Wednesday, August 25, 2021
Monday, July 5, 2021
The Forever Purge dares to ask the question: "What if the Right Wing Extremist Chodes acted just like the Antifa Rioting Dipwads? Your answer is this ham-fisted attempt at a "morality" play. At it's core, it's the same high concept idea that's gone on for probably too long, but this latest film does get a few kudos for bringing out the "Mad Max"-esque aesthetic and filling the runtime with enough blood and violence to make it worthwhile.
So here we are, four years after the Purge "ended" and the New Founding Fathers have been elected BACK into power and have immediately restarted the annual purge. Seriously an sincerely, I have to sk how this idea ever blossomed- it's such a dumb concept. But that's not what I'm here to talk about- I'm here to talk about THIS movie, the latest in a long series that includes FOUR films and TWO seasons of television programming. So let's get to the plot of this film...
Two Mexican immigrants have fled the Mexican cartels to the United States where they find gainful employment and wind up experiencing their first Purge. Meanwhile, the husbands' wealthy employer is protecting his own family on the same night, across town. We see a bit of tension between Juan and the eldest son, Dylan. The night is mostly uneventful for both families- and then, when the sirens echo and the Purge is called to a halt- a new group of Racist Anarchistic Lunatics (called the "Ever Afters") decide to enact their own rebellion with the Forever Purge. With this act, the two families are thrust together ad forced to flee to Mexico. Tensions are high as the two families are also forced to face their own racism, their own paranoia, and also learn to trust and rely on one another to survive.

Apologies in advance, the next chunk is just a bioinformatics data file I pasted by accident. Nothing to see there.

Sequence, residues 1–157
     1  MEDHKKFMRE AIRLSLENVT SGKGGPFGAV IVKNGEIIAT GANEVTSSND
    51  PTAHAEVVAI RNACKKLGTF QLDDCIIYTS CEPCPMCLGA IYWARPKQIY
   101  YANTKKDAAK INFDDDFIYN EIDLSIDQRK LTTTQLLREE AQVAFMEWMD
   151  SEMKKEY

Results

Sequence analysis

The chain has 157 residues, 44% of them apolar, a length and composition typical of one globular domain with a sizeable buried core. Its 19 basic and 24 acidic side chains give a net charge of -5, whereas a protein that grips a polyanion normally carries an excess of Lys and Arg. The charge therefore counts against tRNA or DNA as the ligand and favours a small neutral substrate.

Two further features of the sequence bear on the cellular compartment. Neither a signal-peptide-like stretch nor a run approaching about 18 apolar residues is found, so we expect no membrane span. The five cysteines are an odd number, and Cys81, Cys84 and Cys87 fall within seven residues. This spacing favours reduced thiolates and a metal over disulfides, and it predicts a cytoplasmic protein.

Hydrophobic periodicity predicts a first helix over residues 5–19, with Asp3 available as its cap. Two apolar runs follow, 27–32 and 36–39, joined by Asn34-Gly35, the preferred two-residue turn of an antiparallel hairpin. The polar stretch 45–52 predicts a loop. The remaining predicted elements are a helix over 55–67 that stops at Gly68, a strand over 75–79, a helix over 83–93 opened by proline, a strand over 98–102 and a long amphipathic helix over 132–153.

THE GOOD: Okay, one of the things I actually liked about this film was that we see the "aftermath" of an annual "purge" event. We see the smoked out ruins of homes, businesses, and bodies that litter the streets and the carrion that feast. It's an eerie thing and might remind some viewers of a zombie film in a few ways.
THE BAD: It's a whole lot of political nonsense delivered with a ham-fisted approach that dumbs down a great many issues. There are a number of scene chewing performances, but none more ridiculously over the top than a Neo-Nazi with a swastika tattoo on his freaking cheek "identifying" the sounds of various "gunfire" taking place out of sight. It was was just silly and forced.
Mild recommendation if you enjoy the Purge films. There isnt much new here, though having an opportunity to experience the aftermath of one night is actually kind of chilling and further builds the world.
Monday, June 28, 2021
I am a big fan of Brian Keene's work.